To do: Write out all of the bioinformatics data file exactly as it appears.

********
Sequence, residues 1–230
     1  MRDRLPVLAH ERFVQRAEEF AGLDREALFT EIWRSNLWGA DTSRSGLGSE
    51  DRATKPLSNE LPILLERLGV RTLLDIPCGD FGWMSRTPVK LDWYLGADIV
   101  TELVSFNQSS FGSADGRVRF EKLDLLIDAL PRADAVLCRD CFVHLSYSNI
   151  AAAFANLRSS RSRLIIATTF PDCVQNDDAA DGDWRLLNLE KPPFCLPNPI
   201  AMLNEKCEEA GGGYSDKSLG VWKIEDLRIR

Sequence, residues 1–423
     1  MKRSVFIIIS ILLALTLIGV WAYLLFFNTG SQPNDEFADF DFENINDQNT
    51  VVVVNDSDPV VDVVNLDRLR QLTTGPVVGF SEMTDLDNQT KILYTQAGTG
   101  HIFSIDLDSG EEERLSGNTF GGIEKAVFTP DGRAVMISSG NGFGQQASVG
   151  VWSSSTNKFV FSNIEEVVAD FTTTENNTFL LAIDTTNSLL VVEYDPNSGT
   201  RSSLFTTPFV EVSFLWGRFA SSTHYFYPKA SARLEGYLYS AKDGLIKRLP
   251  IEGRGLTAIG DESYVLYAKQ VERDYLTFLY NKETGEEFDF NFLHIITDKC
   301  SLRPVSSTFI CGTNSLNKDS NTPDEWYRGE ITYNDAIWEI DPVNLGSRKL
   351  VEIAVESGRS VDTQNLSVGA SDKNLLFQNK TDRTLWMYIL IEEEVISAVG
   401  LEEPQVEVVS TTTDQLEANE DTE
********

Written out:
Sequence, residues 1–230
     1  MRDRLPVLAH ERFVQRAEEF AGLDREALFT EIWRSNLWGA DTSRSGLGSE
    51  DRATKPLSNE LPILLERLGV RTLLDIPCGD FGWMSRTPVK LDWYLGADIV
   101  TELVSFNQSS FGSADGRVRF EKLDLLIDAL PRADAVLCRD CFVHLSYSNI
   151  AAAFANLRSS RSRLIIATTF PDCVQNDDAA DGDWRLLNLE KPPFCLPNPI
   201  AMLNEKCEEA GGGYSDKSLG VWKIEDLRIR

Sequence, residues 1–423
     1  MKRSVFIIIS ILLALTLIGV WAYLLFFNTG SQPNDEFADF DFENINDQNT
    51  VVVVNDSDPV VDVVNLDRLR QLTTGPVVGF SEMTDLDNQT KILYTQAGTG
   101  HIFSIDLDSG EEERLSGNTF GGIEKAVFTP DGRAVMISSG NGFGQQASVG
   151  VWSSSTNKFV FSNIEEVVAD FTTTENNTFL LAIDTTNSLL VVEYDPNSGT
   201  RSSLFTTPFV EVSFLWGRFA SSTHYFYPKA SARLEGYLYS AKDGLIKRLP
   251  IEGRGLTAIG DESYVLYAKQ VERDYLTFLY NKETGEEFDF NFLHIITDKC
   301  SLRPVSSTFI CGTNSLNKDS NTPDEWYRGE ITYNDAIWEI DPVNLGSRKL
   351  VEIAVESGRS VDTQNLSVGA SDKNLLFQNK TDRTLWMYIL IEEEVISAVG
   401  LEEPQVEVVS TTTDQLEANE DTE